I believe in the law of attraction and I'm asking to the universe to send me to Edinburgh Fringe Festival
I had a writing date the other day with my friend Kim Brittingham and she asked me if I believe in the law of attraction. I think I said yes, but I may have qualified it a little. I definitely said something along the lines of, "Well, I do believe that if you think negatively you attract negativity." I realized that in fact I do believe in the law of attraction, yet I'm also a little afraid of it, because sometimes I'm afraid of what I want, or that I won't be able to handle it if I get it, or that I don't deserve it, or myriad other reasons why I tell myself not to ask for things, not to dream too big in case I fail.
Maybe my issue is not so much the law of attraction so much as my need to cultivate a single-minded to devotion to...whatever it is I should right now be devoting myself to. As it is, I do this thing where I spread my energy very thin because I'm afraid to pin it all on one big thing, lest that thing disappear, whether through my fault or someone else's. But I decided today that even though this is my general m.o., I want to change. I want to be a go-getter. I want to push myself to work toward the hard things. I want to be more like the writers I admire every time I read them like Glennon Doyle Melton and Justine Musk. I don't necessarily know what that one big thing is for my entire life, but today, in a split second, I figured out what my big thing is for this summer of 2013. I want to go to the Edinburgh Film Festival for the first time to write about The Surrender, based on the memoir by Toni Bentley. Here's the official description:
Direct from a sold-out run at the National Theatre of Spain comes Toni Bentley's notorious, hilarious, erotic memoir and international bestseller. ‘An extraordinary book by a woman with an ax, and an ass, to grind’ (Barry Humphries), adapted in English and performed by Isabelle Stoffel, ‘a stunning actress’ (El Mundo). Directed by award-winning Spanish film director Sigfrid Monleón, the play tells of a ballerina initiated by a stranger into ultimate sexual submission and the joy she finds on the other side of convention. The Surrender is the witty, profound, true story of one woman's sexual obsession.The second I saw this existed, via Toni Bentley's Twitter stream (the play has its own Twitter account), I wanted to go, but "wanted" is too weak a word. I had this click moment, where I felt like this was what I was supposed to be doing this summer, which is looming before me with a bit of aimlessness and randomness. I love my new apartment, and spend approximately 90% of my time in it, but I miss traveling. I can't afford nor do I want to do as much of it as I once did, but I want to travel more meaningfully and purposefully, to events and places where I can explore things I couldn't anywhere else. And I'm going to do my damnedest to make that happen by scouring all my go-to travel sites like Johnny Jet and Nomadic Matt and Airfare Watchdog, and pitch this story. Some of it will depend on my quarterly royalties, aka my salary, but I think the bulk of it will be on my figuring out a way to make it happen. I'll keep you posted, and if there are other must-see plays at Edinburgh, let me know (rachelkb at gmail.com). The run is from July 31st to August 26th, and I'd probably be going toward the end of it.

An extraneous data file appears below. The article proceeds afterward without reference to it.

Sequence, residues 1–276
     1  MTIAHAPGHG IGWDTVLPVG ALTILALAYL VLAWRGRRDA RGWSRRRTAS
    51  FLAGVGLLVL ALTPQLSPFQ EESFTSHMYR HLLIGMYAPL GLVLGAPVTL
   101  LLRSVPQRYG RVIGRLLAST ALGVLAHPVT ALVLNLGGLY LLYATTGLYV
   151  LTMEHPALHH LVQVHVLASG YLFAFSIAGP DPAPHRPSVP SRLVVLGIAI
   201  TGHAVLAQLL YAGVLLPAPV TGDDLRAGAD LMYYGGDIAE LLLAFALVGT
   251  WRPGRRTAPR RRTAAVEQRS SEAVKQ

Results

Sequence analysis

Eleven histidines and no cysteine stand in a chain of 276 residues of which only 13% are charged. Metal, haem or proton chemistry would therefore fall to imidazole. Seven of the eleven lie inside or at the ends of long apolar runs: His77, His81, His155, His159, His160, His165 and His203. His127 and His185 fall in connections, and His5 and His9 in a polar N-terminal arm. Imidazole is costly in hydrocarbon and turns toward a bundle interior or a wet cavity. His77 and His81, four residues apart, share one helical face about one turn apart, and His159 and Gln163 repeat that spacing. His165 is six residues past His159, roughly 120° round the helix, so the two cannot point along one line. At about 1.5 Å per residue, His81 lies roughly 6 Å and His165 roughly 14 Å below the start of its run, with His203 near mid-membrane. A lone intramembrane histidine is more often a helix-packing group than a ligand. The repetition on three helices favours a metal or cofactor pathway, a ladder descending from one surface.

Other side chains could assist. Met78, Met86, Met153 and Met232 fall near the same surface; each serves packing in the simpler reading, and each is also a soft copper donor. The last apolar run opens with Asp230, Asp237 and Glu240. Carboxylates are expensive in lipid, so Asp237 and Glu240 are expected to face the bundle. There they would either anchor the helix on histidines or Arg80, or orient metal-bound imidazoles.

I was led to look Bentley up because of her recent article "The Vagina Fallacy" at The Daily Beast, about why we use the word "vagina" instead of "vulva." Here's part of what she had to say:
Why in this time of such relentless sexualization in the media, and ever-more detailed discussion and research on female sexuality, do women themselves persist using the wrong term for their own sexual arena? From sassy in-the-know Lena Dunham to Oprah Winfrey, mother to us all, to Naomi Wolf, feminist extraordinaire (she dedicated an entire book to the wrong place), to that smart lady Eve Ensler, they are all calling her their “vagina.” As a woman I am embarrassed by our ignorance.
Now, of course, one can indeed refer correctly to the vagina, meaning the relatively short, but expandable, passage of a woman’s sexual anatomy that connects the outside world to the inside one, its main purpose being impregnation through intercourse and, then in return, as the birth canal. But the vagina is only one of our many parts—it really is Grand Central down there —and while vital for reproduction it is somewhat secondary for female pleasure. How on earth did the poor little vagina, a single cog in the great female wheel, become the catchall for the whole shebang?